• What F0 means

  • How to calculate F0

  • How to use F0 for adjustement, control and validation of moist-heat sterilization processes


What is F0 value?

The F0 algorithm was first introduced in 1968 in the international practice of food industry, and proposed by FDA in 1976 for the pharmaceutical sterilization of LVP (Large Volume Parenterals). It is now officially included in most Pharmacopoeias.

Yet, F0 is still regarded with some suspicion from a conceptual point of view, and frequently misinterpreted. It is always necessary to remember that F0 has been invented in the industrial field of heat sterilization processes of water-containing products.

The purpose of this E-book – Fedegari Technical Note, firstly distributed in 1988 and perseveringly revised, is to clarify the nature of F0 and its related parameters (D-value, z-value, PNSU/SAL). In addition, the publication explains the use of these parameters and limits for the setting, adjustment, control and validation of moist-heat sterilization processes.



Sterile means free from viable microorganisms.
Sterilization regards any physical or chemical process which destroys all life forms, with special regard to microorganisms (including bacteria and sporogenous forms), and inactivates viruses.

Therefore the terms “sterile” and “sterilization”, in a strictly biological sense, describe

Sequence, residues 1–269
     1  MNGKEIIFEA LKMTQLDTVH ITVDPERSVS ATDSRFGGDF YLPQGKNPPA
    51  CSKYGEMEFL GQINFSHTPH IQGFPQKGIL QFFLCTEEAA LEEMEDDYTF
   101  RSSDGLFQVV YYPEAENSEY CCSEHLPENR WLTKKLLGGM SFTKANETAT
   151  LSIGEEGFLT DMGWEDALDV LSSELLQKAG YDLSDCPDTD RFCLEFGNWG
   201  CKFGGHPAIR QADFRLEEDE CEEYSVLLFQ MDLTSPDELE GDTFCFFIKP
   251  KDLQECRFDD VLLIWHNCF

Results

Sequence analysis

the absence and, respectively, the destruction of all viable microorganisms. In other
words, they are absolute terms: an object or system is either “sterile” or “non-sterile”. The destruction of a microbial population subjected to a sterilization process follows a logarithmic progression: only a treatment of infinite duration can provide the absolute certainty that the entire microbial population has been destroyed, and that the system is sterile.

Making the conditions of the sterilization treatment more drastic (i.e. increasing the exposure time and/or the temperature) usually entails a decay of the qualities of the product and certainly increases the process costs. It is, therefore, agreed that the product is acceptable as sterile when the probability of finding a non-sterile unit in a sterilized batch entails a risk which is lower than the other risks associated with the use of the product itself.

More properly, in the pharmaceutical industry, in order to define a unit as sterile one must be able to certify that less than one unit in a million is exposed to the risk of not being sterile. The probability of finding a nonsterile unit (PNSU = Probability of Non Sterile Unit, or SAL) must therefore be smaller (as mathematical value) than 10−6.

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